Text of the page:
Ability Assessment – a test designed to show the employer your level of skill in job-related areas.
American Standard Code for Information (ASCII) – a file format that permits files to maintain their structure and be read correctly by a tracking system. These files are usually professional documents, such as a resume.
Annual Report – a yearly financial report available to the public that shows how a public company is doing overall.
Annual Review – Also called a yearly evaluation: A formal review of the employee’s performance by the employer; employees can use this evaluation as a good time to negotiate a promotion or a wage increase.
Application Form – a form used by employers to collect standard information about applicants; usually required in addition to a cover letter and resume.
Application Package – the combination of the cover letter, resume, and application. This package is the first chance an applicant has to impress a potential employer.
Aptitude Test – A test conducted by a potential employer to measure your skill level and suitability for a role within the company.
Background – the sum of an individual’s past education, training, and work experience.
Benefits Package – The compensations that an organization offers employees on top of their base salary, includes: overtime, insurance, sick and personal days, and vacation time.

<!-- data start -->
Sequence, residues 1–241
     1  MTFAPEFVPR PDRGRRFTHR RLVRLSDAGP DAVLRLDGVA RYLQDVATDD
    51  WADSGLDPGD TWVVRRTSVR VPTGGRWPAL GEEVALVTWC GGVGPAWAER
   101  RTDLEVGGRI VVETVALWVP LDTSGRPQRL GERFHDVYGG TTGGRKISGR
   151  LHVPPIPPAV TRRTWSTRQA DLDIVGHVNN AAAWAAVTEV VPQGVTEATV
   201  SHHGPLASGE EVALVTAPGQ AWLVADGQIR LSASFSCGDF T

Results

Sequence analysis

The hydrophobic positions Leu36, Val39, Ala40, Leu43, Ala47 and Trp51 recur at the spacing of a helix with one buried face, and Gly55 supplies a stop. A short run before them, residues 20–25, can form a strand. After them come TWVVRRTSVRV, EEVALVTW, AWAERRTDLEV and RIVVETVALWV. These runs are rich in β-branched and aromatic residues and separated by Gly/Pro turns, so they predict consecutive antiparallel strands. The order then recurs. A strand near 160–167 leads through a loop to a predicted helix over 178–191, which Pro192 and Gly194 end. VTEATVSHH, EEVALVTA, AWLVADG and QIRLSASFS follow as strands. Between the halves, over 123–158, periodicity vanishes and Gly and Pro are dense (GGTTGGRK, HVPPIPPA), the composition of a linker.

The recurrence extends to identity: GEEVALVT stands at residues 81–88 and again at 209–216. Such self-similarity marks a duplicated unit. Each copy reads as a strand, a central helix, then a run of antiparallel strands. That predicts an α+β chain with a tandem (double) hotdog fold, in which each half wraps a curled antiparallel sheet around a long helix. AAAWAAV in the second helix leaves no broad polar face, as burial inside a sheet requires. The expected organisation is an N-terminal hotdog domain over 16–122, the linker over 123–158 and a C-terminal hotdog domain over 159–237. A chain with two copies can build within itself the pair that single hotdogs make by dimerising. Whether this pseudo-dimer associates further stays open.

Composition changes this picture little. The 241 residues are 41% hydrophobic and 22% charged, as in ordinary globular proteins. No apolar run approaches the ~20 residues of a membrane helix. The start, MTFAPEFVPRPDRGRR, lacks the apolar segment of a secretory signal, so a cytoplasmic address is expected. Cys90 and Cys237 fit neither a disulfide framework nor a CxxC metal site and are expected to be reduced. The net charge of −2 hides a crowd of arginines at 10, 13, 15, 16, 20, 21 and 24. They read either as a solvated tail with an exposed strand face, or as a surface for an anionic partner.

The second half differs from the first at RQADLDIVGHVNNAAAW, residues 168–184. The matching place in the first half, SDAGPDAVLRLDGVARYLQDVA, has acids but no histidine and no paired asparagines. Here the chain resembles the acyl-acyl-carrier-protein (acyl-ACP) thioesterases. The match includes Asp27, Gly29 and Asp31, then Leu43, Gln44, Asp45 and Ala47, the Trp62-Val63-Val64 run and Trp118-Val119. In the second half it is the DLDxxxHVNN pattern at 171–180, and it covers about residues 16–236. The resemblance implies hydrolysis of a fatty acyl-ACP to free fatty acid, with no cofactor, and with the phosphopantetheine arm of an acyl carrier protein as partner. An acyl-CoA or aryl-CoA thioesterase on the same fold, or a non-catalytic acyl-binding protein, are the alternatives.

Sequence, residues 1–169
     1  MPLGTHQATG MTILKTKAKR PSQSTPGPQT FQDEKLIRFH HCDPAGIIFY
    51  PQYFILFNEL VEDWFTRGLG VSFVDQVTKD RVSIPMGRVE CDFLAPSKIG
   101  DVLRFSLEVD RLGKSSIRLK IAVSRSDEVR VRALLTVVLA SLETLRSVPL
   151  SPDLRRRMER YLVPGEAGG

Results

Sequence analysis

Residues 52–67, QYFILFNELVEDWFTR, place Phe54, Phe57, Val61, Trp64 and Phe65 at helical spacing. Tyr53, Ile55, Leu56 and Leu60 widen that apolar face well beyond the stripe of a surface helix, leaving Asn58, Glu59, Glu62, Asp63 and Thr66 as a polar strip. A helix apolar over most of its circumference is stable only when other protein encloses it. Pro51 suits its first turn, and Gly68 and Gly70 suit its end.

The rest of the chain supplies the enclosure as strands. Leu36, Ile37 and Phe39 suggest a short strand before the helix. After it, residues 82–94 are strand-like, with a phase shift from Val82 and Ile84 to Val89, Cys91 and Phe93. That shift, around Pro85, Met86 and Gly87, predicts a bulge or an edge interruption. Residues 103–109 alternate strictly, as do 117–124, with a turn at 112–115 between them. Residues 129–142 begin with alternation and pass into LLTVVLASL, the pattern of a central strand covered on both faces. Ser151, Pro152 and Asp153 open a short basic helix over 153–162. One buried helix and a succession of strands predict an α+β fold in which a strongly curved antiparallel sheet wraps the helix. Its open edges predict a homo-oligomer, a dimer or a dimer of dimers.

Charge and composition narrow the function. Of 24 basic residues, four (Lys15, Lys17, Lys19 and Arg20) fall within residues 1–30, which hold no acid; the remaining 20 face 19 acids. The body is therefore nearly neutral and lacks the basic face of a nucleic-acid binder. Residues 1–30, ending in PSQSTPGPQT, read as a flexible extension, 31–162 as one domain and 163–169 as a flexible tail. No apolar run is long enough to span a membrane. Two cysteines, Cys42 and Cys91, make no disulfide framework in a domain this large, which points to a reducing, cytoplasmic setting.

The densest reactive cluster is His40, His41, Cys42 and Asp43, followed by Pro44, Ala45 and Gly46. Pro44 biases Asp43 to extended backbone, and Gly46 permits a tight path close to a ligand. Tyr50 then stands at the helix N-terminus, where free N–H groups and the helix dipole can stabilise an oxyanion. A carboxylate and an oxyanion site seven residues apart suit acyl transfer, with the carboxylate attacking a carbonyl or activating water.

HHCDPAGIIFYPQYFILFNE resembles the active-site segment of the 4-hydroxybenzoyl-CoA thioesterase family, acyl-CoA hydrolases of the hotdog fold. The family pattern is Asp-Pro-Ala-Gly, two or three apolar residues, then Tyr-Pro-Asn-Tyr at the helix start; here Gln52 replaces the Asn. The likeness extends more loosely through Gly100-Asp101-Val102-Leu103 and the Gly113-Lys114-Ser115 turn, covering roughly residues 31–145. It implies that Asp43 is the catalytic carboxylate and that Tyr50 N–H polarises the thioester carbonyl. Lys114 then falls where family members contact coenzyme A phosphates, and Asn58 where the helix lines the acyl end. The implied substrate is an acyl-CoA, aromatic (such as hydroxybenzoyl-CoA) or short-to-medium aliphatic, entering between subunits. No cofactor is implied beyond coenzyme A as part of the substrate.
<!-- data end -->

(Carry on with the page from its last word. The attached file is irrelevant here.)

Bi-lingual – a person’s ability to speak two different languages fluently
Blog – Web pages created to share opinions and thoughts; these are then discussed. “Blogging” is defined as participating in a blog. A “blogger” is the person who wrote the blog.
Bonus – Extra pay given to an employee as a reward for a good job or as an incentive to continue a good job.
Business Cards – a technique a professional uses to present his or her contact information on a small piece of cardstock.
Career Fairs – An event when many employers meet in one location to interview large numbers of contenders in a short amount of time. A career fair can benefit applicants because they can interview with several companies in the same day.
Career Mission Statement – Also known as the ‘objective’ on a resume.
Career Specific Skills – abilities that are related to a specific career; education in the area and career experience help applicants gain these skills. Employers usually list the skills as credentials on their job postings.
Challenge – a job or assignment that requires extra effort due to the difficulty involved.
Chronological Resume – a type of resume that first lists your work history, with your most recent job listed first.
Consultants – Experienced specialists in a field; these professionals are usually paid to help companies with less experience.
Contractors – Professionals in a specific industry that work independently; these workers are hired by companies that cannot do the job the contractor does.
Cover Letter – an introductory letter that is sent with a resume. In many instances, the cover letter is as or more important than a resume.
Cross-career Skills – Skills that benefit applicants looking for a position in any trade; the abilities are acquired through life and work experience and translate into any industry.
Dismiss – to release from employment; to fire.
Education – the instruction received during training (usually school).